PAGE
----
Last Updated on December 25, 2021 by Vladimir Vulic
Life: AD 86 – 161
- Name: Titus Aurelius Fulvus Boionus Arrius Antoninus
- Born on 19 September AD 86 at Rome.
- Consul AD 120, 139, 140, 145.
- Became emperor in 10 July AD 138.
- Wife: Annia Galeria Faustina ‘the elder’ (two sons; Marcus Aurelius, Marcus Galerius; two daughters; Aurelia Fadilla, Annia Galeria ‘the younger’).
- Died at Lorium, 7 March AD 161.
Titus Aurelius Fulvus Boionus Arrius Antoninus was born on 19 September AD 86 at Lanuvium (ca. 20 miles south of Rome). His family had long before come from the city of Nemausus (Nïmes) in southern Gaul, but for a long time since they had been a prominent and distinguished family at Rome.
Antoninus’ father, Titus Aurelius Fulvus, had held the office of consul once in AD 89, his grandfather had even held it twice.
As a boy Antoninus grew up at the family estate at Lorium in southern Etruria, roughly 10 miles to the west of Rome. He was raised first by his paternal grandfather, as his father died when he was still young. On the death of this grandfather, the maternal grandfather took charge of him.
Inheriting the walth of both his grandfathers made Antoninus one of the richest men in Rome.
He embarked on the traditional career for a senator, climbing the ladder of various offices, achieving the post of quaestor, then praetor and, alas, in AD 120 becoming consul under emperor Hadrian.
After this Hadrian chose him to be one of the four high judges who administered administered law in Italy.
Next he served as governor of the province of Asia, from AD 135 to 136.
Most likely on the basis of the very good reputation he had made for himself as governor of Asia, Antoninus, when he returned to Rome was made a member of the imperial council, a body of advisors to the emperor.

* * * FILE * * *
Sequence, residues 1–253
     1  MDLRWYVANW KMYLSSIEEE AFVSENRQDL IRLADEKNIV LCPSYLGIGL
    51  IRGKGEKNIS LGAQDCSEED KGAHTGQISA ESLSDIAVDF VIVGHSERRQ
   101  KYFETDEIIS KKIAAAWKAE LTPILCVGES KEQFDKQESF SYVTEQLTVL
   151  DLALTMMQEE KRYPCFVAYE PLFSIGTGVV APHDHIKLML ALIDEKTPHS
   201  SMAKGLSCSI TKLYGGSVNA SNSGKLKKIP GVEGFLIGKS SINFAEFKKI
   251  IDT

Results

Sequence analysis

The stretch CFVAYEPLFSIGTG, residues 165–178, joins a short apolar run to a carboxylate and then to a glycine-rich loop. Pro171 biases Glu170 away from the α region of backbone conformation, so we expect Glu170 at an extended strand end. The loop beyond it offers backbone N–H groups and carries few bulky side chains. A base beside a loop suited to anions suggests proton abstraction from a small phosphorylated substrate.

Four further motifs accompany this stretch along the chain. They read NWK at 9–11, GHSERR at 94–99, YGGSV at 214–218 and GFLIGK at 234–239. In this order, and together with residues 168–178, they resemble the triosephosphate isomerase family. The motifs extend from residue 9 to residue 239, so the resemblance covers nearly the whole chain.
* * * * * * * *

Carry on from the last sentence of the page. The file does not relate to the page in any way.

Despite his consulship and remarkable conduct as governor of Asia, Antoninus’ experience of government was fairly limited. More still he possessed no knowledge of any military matters whatsoever and, other than his stay in the province of Asia, he had never been beyond the borders of Italy.
So it was clearly his impressive person – honourable, sound and clearheaded – which won him the respect of the senate and the emperor.
Then, on his 62nd birthday (24 January AD 138) Hadrian, by now of failing health, announced he was to adopt Antoninus Pius. The adoption ceremony was held a month after, on 25 February AD 138. The ceremony revealed Hadrian’s plans for the empire. In adopting Antoninus, Hadrian just sought a safe pair of hands into which to trust the empire for the immediate future. But 51 years old at the time and childless, Antoninus was not to be the main aim of Hadrian’s intentions.
For the ceremony in which Hadrian adopted Antoninus, simultaeously had Antoninus adopt Marcus Annius Verus (Marcus Aurelius), Hadrian’s young nephew, and Lucius Ceionius Commodus, young son of the deceased Lucius Ceionius Commodus, who had been Hadrian’s first choice as heir.
If however Hadrian had thought that the relatively old Antoninus Pius would not reign for long before his death would hand power to the heirs he intended then he was wrong. For Antoninus was to live to the ripe old age of 74 (almost as old as Augustus), ruling longer than Trajan or Hadrian.
Following the example of Hadrian, Antoninus was also a bearded emperor.
Tall and handsome, physically strong, he possessed a calm and kind nature, though with a stern, aristocratic air.
He represented many of the virtues Roman sought in their emperor. An accomplished speaker, sound in morals, incorruptible by the temptations of easy living, not given to flaunt his wealth, he was dedicated to his duties.
Compared to his predecessors Antoninus was clearly not an ambitious emperor. But then he most likely understood himself as the custodian of an empire which was to be passed on to the young heirs chosen by Hadrian. And so he sought to maintain, rather than to make his own mark.
But there is no doubt that Antoninus possessed a willful, even determined side. For when he began to bend with old age, he wore a truss made of splints of lime wood, to allow him to walk erect. For evidently it was his decision that Romans should have an emperor who should walk upright.
Antoninus had no surviving sons. His only surviving daughter Faustina the younger eventually married Marcus Aurelius, further strengthening the succession intended by Hadrian.